Transregional Slave Networks of the Northern Arc, 700–900 C.E.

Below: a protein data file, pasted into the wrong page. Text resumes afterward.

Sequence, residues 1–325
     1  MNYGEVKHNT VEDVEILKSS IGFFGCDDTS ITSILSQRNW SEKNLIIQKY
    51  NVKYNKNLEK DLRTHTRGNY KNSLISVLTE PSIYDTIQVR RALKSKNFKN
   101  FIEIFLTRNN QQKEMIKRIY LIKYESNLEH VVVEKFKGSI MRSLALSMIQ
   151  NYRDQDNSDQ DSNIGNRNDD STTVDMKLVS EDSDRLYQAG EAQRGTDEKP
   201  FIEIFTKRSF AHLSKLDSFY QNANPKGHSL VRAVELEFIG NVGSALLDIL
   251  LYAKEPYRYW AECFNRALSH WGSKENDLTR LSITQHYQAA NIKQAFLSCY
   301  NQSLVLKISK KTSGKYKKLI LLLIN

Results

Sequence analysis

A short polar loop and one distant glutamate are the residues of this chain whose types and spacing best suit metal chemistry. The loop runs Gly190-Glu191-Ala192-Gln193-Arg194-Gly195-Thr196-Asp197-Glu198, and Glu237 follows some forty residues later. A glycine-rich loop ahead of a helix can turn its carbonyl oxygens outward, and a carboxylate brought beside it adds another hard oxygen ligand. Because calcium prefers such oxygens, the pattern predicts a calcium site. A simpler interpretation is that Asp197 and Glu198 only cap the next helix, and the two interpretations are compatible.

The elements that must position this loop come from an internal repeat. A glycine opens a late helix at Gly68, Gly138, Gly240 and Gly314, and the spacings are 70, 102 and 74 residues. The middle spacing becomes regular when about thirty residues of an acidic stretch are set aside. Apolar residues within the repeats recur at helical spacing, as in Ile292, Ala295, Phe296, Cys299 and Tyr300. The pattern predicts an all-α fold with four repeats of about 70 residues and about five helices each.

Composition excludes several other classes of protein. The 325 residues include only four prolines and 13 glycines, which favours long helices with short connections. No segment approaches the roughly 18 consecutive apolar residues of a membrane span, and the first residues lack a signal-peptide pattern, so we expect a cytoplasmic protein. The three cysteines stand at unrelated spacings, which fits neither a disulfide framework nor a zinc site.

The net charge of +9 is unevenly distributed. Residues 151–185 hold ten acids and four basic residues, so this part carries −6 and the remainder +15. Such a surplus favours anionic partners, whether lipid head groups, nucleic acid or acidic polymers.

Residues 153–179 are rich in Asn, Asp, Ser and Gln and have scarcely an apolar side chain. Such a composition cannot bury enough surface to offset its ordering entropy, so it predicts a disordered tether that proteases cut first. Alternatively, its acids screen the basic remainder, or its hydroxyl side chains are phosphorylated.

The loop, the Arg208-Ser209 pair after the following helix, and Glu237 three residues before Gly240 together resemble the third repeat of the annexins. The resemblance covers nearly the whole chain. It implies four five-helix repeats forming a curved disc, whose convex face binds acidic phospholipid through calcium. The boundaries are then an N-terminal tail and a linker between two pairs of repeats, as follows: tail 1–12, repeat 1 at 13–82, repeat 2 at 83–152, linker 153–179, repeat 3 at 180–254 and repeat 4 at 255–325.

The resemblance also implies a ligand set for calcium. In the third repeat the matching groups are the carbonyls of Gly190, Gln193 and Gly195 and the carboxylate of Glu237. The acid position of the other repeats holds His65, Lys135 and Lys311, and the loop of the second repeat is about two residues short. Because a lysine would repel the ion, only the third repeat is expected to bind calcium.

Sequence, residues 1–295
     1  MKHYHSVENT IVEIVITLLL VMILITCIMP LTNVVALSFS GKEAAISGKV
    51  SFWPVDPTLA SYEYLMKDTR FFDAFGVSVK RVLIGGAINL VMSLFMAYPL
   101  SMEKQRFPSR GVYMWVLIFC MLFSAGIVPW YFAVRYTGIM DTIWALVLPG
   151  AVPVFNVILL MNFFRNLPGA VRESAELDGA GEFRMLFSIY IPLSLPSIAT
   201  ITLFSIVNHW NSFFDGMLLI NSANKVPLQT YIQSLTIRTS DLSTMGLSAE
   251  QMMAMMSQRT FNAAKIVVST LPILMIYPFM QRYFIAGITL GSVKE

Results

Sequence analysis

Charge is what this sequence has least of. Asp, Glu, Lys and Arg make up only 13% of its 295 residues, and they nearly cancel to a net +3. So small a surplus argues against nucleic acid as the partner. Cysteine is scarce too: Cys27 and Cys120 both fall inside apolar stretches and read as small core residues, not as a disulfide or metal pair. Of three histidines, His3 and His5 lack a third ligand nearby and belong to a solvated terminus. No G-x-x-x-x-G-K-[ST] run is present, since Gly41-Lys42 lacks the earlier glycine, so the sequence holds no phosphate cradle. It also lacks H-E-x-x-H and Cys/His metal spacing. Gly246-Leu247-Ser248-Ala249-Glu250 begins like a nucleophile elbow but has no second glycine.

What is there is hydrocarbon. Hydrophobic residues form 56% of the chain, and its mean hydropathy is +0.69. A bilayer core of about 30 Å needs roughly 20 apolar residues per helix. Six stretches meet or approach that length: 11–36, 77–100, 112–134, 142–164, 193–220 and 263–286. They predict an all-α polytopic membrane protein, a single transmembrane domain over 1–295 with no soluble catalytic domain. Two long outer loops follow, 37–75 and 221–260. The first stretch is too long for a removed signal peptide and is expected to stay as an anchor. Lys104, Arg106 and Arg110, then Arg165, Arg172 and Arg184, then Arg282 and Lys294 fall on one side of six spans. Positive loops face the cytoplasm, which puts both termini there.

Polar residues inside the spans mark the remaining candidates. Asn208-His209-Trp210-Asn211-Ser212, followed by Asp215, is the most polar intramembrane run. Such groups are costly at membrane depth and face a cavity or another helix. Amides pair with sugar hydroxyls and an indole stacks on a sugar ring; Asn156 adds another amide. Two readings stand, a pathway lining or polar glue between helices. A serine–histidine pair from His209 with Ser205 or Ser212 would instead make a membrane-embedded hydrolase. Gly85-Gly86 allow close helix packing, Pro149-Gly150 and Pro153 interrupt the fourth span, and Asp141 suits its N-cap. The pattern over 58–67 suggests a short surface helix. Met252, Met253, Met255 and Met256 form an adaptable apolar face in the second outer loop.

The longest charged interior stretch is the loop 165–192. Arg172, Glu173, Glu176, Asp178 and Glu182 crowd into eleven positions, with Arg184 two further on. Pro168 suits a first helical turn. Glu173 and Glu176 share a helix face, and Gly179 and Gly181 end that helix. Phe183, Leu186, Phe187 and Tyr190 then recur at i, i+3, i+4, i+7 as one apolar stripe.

This dissertation charts the movement of slaves from Western Europe, through Scandinavia, and into the frontiers of the Caliphate, a movement which took shape in the early 700s and flourished into the late 800s. The victims of this movement are well attested in texts from either end of their journey, and the movement of everyday things allows us to trace the itineraries they followed. Necklace beads—produced in the east, carried to the north, and worn in the west—serve as proxies for human traffic that traveled the same routes in opposite directions. Attention to this traffic overcomes four impasses—between regional particularism and interregional connectivity; between attention to exchange and focus on production; between privileging textual or material evidence; and between definitions of slavery that obscure practices of enslavement. The introduction outlines problems of studying medieval slavery with regard to transregional approaches to the Middle Ages, the transition to serfdom, and the use of material evidence. Chapter One gathers narrative texts previously dealt with anecdotally to establish patterns for the Viking-Age slave trade, with eastward traffic thriving by the late 800s. Chapter Two confirms these patterns by graphically comparing viking violence to reports of captive taking in the annals and archival documents of Ireland, Francia, and Anglo-Saxon England. Chapter Three investigates how viking captive taking impacted Western societies and the creation of written records in Carolingian Europe. Chapter Four turns to the material record, using beads to trace the intensity and flow of human traffic that fed from early viking violence. Chapter Five establishes a corresponding demand for slaves in the ʿAbbāsid Caliphate through Arabic archival, legal, historical, and geographic texts. The conclusion places this research in the context of global history. By spanning periods, regions, and disciplines, this dissertation brings to focus people who crossed boundaries unwillingly, but whose movements contributed to epochal change.